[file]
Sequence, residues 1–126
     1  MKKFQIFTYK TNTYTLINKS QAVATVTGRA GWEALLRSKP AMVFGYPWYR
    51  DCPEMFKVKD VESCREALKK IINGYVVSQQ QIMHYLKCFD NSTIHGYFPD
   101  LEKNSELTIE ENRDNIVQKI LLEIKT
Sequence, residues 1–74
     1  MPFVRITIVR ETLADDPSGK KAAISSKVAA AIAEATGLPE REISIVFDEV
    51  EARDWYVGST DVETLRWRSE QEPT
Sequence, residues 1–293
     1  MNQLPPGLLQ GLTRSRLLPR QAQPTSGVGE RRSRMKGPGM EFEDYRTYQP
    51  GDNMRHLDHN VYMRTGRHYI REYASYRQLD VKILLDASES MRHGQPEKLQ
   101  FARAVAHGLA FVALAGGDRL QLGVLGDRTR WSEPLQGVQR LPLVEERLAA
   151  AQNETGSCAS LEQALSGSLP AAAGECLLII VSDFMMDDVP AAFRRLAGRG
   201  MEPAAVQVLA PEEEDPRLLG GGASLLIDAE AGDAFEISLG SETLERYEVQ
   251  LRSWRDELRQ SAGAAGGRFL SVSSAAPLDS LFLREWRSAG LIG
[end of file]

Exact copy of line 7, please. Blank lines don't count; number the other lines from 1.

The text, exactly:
    51  EARDWYVGST DVETLRWRSE QEPT